One of the things I love the most about Italy is the fact that you can discover hidden gems in every little town, in every secluded corner of the country.
If you are in Liguria and take the road that from Savona takes you to Piedmont, you’ll get to Altare, a nice little village surrounded by woods.
To be more precise, the main road used to pass through the town; nowadays a faster road has been created, making Altare a tad more isolated than in the past. Now you really have to be willing to go there, but it is definitely worth the detour.
Its secluded feature is introduced by a small entryway through the walls of an ancient fort and what expects you on the other side of the walls is a small little town, quite similar to many others in the area, but with its own peculiar character – if you are willing to know more about it.
What makes it so special?
This little town, unbeknown to most, is home to one of the most ancient glass traditions in Italy and the world. Dating back to the 13th century, the tradition of glassmaking in Altare has deep roots and a very interesting history.
There are no documents that prove when glassmaking exactly started, but the activity was surely in full swing by 1495, when we have proof of the fact that a guild, known as Università dell’arte vitrea, was operating in Altare. The guild included all glassmakers working in town and had very strict rules.
One of the rules was that the craft of glassmaking could only be handed down from father to son so that there were entire families of glassmakers and not enough work for all of them – forcing some of them to emigrate.
This is why, even if Altare is so little known, we have traces of Altare glassmaking traditions all over the world, from Europe to Argentina. Some of these glassmakers abroad became quite famous: the most famous of them was Bernardo Perrotto, who worked for Louis XIV or the Sun King and even invented its own color, aptly named rosso perrotto (Perrotto’s red).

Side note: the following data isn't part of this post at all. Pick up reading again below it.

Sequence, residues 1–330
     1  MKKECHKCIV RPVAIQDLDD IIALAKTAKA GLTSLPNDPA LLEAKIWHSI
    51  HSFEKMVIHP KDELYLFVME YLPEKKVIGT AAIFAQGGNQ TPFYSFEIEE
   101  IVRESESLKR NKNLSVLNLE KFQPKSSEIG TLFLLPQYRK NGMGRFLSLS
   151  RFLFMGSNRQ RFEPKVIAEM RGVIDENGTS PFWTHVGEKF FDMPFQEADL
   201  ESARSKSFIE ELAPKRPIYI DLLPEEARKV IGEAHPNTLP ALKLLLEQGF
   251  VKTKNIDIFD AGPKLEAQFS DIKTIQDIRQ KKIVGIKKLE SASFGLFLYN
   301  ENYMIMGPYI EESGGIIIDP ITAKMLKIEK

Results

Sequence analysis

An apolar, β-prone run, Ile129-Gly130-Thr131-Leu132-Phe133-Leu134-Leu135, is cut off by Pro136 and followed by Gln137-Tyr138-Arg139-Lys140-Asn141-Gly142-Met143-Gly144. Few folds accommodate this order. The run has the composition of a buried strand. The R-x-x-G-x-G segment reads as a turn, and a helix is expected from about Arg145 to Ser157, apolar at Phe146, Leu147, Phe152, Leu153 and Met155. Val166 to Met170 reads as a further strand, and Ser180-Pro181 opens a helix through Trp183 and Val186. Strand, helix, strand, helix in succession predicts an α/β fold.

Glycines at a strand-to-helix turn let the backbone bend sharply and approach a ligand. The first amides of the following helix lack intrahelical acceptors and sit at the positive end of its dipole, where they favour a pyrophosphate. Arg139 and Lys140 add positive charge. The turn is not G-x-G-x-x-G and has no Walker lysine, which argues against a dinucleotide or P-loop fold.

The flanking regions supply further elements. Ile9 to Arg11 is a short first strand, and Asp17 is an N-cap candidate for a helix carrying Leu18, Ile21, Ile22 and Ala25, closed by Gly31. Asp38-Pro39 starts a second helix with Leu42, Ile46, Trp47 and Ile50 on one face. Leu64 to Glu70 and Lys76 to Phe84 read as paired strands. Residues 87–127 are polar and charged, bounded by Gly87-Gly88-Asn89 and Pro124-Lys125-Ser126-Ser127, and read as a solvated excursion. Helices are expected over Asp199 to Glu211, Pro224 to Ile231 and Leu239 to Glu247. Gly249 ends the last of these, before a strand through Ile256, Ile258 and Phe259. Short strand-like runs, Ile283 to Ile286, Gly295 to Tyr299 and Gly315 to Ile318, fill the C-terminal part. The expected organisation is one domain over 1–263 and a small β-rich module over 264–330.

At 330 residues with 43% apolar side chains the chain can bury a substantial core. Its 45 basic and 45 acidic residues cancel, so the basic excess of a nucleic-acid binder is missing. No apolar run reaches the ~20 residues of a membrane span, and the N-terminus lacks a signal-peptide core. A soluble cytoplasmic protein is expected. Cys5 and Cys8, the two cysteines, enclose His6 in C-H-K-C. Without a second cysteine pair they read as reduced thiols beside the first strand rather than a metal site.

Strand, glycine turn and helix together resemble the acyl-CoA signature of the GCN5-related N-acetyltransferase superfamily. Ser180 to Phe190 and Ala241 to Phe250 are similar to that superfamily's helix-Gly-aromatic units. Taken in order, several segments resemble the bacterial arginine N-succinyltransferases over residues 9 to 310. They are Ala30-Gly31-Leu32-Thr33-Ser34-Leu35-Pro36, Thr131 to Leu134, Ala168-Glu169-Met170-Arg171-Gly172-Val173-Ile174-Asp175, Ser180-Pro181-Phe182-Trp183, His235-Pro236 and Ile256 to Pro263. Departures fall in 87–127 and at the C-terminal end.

The last big wave of emigration from Altare was directed towards Argentina, precisely to San Carlos Centro, where they established a glass industry that is still thriving these days.
Unfortunately, Altare has never been very famous and not many people know of its remarkable glass-making history.
The glass tradition of Altare, mainly devoted to making everyday objects and to use glass to solve everyday problems, has always been a bit overshadowed by Murano and its Venetian splendor. However, if you visit the Altare Glass Museum, you discover that there are amazing works of art there too.
The collection includes a series of objects made between 1650 and our days and also some glassmaking tools and equipment. There are artistic and ornamental pieces, everyday objects – equally amazing – and the garden hosts a glass furnace where glass masters give free demonstrations.
But the reasons for visiting the museum do not end with glass: the villa where the museum is hosted is a gem in itself.
As a matter of fact, the museum has an amazing location: an Art Nouveau style (known in Italy as stile liberty) villa built in 1906 and commissioned by Monsignor Bertolotti, the parish of the town, as a present for one of his sisters, Rosalia.
The villa has been designed by Nicolò Campora, one of the most important architects of the time, who was up-to-date with the latest architectural trends. It is part of a series of Art Nouveau buildings in town, which show how rich the village must have been at the beginning of the last century. Some of them can still be seen today and make a nice series of sights for a walk around Altare.
But there’s still something that makes this place so peculiar.
Food, of course! No post of mine can end without a reference to food, you already know. Anyway, food in Altare is quite different from that of surrounding towns and villages and has some very typical dishes.
This is due to the fact that the Altarese glass masters, traveling around for work, brought dishes and recipes from far away places, which have been eventually incorporated into the cuisine of the place.
In Altare you can find maccheroni all’ago, which come from the South of Italy, croxetti, some kind of pasta made with a proper stamp (each noble family used to have its own personalized stamp, in the past) – typical of Genoa, spongada, a sweet focaccia that comes from Lombardy, and riso in cagnone, a rice recipe originally from Biella, Piedmont.